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Monday, April 29, 2013
Quick take: Rockies 12, Dodgers 2

By Mark Saxon

LOS ANGELES -- Maybe the Colorado Rockies are due to come tumbling painfully back to earth. And maybe the Los Angeles Dodgers aren't doomed to stay in this one-step-forward, one-step-back waltz with mediocrity all season.

But for one game in late April, the gap between the division's first place team and its fourth place team wasn't hard to spot.

The Dodgers had their worst pitching performance since last June in a 12-2 loss to the Rockies at Dodger Stadium on Monday night. Colorado stacked up 19 hits, or 13 more than the Dodgers could manage.

The snapshot of the Dodgers' night was utility man Skip Schumaker pitching the ninth inning (a scoreless one). He became the first Dodgers position player to pitch in a game since Mark Loretta in July 2009.

A tiny throng of fans left in the stadium chanted, "Let's go Skip!"

Ted Lilly, making his second start since coming off the disabled list, needed 71 pitches to get through three innings ... and he barely made it that far. The first four batters he faced had sharp hits, two of them home runs. Things got even messier, believe it or not, in the third, when Lilly walked in a run among other forgettable deeds.

Lilly, 37, had pitched well for five innings in the first start upon his return, last week in New York. He entered the season awkwardly, put on the 15-day disabled list against his wishes. Now, the Dodgers could be tempted to use rookie Matt Magill in Lilly's place next rotation turn. Magill pitched into the seventh inning in his major league debut Saturday.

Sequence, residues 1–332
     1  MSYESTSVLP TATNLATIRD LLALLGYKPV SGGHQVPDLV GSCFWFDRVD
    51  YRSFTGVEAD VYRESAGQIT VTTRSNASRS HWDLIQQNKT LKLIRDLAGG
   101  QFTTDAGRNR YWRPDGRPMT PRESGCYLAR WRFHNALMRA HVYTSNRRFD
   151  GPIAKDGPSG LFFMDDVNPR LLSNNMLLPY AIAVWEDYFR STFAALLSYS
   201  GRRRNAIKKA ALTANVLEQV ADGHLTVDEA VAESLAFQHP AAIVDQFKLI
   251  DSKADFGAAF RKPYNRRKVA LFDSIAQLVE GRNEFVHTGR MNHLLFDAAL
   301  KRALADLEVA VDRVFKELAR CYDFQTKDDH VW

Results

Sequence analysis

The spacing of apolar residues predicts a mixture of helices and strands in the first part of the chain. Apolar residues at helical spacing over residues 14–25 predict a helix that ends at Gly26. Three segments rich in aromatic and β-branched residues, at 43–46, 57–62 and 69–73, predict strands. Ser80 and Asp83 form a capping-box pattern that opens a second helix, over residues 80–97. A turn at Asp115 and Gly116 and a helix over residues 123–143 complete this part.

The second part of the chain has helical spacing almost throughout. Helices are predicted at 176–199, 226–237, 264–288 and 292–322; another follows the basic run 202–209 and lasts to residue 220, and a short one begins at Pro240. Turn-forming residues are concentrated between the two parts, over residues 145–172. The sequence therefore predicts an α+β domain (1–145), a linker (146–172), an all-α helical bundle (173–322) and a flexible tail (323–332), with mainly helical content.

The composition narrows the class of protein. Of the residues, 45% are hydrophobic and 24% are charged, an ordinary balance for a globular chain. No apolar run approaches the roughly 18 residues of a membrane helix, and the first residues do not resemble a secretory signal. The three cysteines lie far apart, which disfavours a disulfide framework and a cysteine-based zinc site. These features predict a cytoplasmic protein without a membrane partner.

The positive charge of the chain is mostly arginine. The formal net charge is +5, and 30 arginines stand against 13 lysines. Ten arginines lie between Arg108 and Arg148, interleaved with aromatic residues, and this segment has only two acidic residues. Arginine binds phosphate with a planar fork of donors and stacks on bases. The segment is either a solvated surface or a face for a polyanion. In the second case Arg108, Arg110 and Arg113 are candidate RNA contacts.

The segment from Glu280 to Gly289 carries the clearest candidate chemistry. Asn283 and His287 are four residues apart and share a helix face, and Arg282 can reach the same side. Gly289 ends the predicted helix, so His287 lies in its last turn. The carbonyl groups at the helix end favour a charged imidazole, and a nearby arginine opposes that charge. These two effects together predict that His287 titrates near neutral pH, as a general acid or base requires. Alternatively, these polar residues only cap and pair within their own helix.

Reliever Josh Wall couldn't live up to the standard that Lilly had set earlier. The Rockies scored seven times off Wall in two innings. Rockies pitcher Tyler Chatwood was 3-for-3 with two RBIs on three sharp singles in his first three plate appearances.

A Dodgers trainer visited both pitchers at some point in their outings, but neither pitcher left the mound due to injury.

As bad as things were, they could have been worse. Matt Kemp had a 92 mph fastball headed straight for his head in the fourth inning. He ducked out of the way and it appeared to carom off his shoulder and glance off his nose.

The few thousand fans that remained in the seventh inning were rewarded with a couple of little treats: Jerry Hairston Jr. homered to snap the shutout and Hanley Ramirez made his return to the field, taking a called third strike. Ramirez had thumb surgery March 22 and was activated from the DL on Monday afternoon.